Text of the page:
The problem is not just reflected in these protests, but in what has happened nationally since the election. In the first three months after Trump won the presidency, the Southern Poverty Law Center recorded an astonishing 1,372 hate incidents, nearly all of them election-related. A deep dive into the data reveals that nearly half of these incidents involve people referencing Trump, either by name or by parroting his rhetoric: groups of white thugs intimidating minorities while chanting “Trump,” for instance, or swastika graffiti accompanied by the words “Make America White Again.” The cold, hard fact that racist thugs shout and chant Trump’s name (something we all saw happening in Charlottesville) while threatening and intimidating minorities should give us all pause — particularly the president himself.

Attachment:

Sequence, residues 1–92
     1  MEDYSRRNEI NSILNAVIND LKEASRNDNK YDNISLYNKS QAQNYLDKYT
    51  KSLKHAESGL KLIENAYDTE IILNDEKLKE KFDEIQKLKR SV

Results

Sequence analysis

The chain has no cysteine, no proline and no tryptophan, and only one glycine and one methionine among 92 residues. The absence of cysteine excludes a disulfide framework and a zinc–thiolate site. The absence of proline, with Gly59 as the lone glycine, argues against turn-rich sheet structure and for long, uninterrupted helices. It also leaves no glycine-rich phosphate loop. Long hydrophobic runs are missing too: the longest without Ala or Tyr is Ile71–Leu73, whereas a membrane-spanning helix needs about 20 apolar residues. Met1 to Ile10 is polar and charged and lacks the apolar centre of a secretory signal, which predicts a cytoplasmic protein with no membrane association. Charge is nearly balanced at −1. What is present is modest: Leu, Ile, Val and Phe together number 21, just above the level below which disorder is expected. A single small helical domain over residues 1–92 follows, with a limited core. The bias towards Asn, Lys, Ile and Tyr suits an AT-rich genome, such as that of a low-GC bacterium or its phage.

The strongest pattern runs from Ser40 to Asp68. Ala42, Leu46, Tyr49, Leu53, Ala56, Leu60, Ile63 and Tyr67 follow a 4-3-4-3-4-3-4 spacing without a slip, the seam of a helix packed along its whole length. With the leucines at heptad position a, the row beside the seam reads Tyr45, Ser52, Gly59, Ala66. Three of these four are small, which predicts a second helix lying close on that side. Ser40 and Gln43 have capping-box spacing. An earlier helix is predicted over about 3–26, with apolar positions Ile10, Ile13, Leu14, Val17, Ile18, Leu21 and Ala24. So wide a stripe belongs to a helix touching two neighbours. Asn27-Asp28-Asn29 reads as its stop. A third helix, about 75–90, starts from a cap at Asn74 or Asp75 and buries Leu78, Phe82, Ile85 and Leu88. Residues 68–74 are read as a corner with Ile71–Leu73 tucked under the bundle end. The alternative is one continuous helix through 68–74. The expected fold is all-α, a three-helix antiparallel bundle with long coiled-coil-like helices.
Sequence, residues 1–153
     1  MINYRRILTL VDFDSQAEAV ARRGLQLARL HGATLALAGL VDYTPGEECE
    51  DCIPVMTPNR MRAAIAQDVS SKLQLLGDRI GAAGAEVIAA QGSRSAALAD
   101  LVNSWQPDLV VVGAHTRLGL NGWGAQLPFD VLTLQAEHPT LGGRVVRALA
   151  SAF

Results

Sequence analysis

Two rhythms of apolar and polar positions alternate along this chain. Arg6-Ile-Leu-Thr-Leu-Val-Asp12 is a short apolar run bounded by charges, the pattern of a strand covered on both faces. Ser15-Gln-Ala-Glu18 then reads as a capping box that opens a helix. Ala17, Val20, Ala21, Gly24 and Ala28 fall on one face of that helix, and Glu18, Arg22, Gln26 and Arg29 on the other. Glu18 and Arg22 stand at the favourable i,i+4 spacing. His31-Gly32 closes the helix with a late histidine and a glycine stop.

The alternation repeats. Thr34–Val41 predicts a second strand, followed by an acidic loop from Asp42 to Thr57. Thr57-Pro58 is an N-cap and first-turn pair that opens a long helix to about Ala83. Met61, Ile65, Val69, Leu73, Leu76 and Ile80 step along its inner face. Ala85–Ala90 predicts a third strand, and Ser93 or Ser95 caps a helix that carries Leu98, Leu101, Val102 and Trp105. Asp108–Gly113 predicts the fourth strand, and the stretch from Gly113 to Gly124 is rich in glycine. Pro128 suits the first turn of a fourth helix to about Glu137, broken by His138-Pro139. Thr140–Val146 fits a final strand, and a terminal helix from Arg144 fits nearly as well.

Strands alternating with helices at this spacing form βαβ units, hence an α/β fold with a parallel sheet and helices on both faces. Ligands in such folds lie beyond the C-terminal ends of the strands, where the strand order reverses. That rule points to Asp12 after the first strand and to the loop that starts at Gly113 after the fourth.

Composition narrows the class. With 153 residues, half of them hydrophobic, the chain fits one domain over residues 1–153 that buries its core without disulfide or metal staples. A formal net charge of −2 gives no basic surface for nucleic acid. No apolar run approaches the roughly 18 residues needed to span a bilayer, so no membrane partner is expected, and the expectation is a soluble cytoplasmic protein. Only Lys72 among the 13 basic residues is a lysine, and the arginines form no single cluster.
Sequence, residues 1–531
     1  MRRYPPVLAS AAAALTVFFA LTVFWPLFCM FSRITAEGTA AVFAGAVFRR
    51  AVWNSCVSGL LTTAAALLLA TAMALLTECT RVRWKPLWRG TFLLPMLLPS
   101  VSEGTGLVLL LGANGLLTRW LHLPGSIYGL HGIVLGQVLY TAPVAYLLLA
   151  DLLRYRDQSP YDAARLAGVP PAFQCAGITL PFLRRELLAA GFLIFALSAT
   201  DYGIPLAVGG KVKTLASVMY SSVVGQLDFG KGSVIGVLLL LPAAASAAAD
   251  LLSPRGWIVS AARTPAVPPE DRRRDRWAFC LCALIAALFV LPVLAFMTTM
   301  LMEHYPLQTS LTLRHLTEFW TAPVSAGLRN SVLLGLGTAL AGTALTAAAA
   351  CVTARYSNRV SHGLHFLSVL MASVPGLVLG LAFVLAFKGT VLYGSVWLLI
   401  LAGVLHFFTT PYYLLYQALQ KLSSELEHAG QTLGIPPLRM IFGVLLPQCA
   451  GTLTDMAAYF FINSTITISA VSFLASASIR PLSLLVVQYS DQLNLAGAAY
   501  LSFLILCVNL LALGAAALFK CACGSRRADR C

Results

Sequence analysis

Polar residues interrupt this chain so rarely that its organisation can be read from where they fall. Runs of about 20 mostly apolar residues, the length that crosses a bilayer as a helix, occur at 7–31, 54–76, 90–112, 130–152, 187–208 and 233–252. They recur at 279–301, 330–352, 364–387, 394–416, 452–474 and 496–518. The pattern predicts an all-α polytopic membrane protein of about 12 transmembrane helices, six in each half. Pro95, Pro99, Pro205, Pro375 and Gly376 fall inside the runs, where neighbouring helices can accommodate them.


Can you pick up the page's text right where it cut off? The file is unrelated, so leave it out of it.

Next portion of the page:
This, really, is the crux of the problem the nation faces: not Trump’s fumblings and prevarications or his reflexive reliance on “both sides do it” equivocation, but his steadfast refusal to acknowledge his overpowering role in the toxic violence that is being plotted and carried out on his behalf. Throughout the 2016 presidential campaign, Trump played footsie with these groups, retweeting their hashtags and memes, refusing to disavow David Duke one day and then issuing an anodyne and plainly insincere disavowal the next.

At one point during the campaign, after news broke that white nationalists were placing robo-calls on Trump’s behalf, the media eventually elicited a perfunctory disavowal from him, but he also rationalized them: “People are angry, they’re angry at what’s going on. They’re angry at the border, they’re angry at the crime.”

His alt-right fan base invariably interpreted these remarks in the most generous light: “If he disavowed us, he did it, I thought, in the nicest possible way,” white nationalist Jared Taylor said after the flap over the robo-calls.